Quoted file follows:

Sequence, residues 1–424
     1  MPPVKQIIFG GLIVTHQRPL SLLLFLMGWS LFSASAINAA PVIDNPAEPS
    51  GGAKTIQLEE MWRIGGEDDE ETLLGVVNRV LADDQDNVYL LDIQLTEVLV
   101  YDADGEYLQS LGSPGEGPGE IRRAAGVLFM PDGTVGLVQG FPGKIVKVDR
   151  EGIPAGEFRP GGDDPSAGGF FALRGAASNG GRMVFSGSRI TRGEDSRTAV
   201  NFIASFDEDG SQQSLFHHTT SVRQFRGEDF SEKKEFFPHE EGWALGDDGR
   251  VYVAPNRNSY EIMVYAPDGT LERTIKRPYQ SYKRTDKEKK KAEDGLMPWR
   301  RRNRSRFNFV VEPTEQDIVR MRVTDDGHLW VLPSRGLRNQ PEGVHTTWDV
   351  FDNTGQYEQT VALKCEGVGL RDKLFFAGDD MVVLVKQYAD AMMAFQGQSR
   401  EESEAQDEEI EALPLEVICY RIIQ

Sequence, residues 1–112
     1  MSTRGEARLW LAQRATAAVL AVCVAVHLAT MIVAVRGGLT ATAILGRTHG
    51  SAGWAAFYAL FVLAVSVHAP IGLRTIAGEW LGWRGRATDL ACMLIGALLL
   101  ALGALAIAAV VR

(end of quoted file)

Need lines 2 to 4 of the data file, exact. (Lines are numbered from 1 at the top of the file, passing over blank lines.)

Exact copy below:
     1  MPPVKQIIFG GLIVTHQRPL SLLLFLMGWS LFSASAINAA PVIDNPAEPS
    51  GGAKTIQLEE MWRIGGEDDE ETLLGVVNRV LADDQDNVYL LDIQLTEVLV
   101  YDADGEYLQS LGSPGEGPGE IRRAAGVLFM PDGTVGLVQG FPGKIVKVDR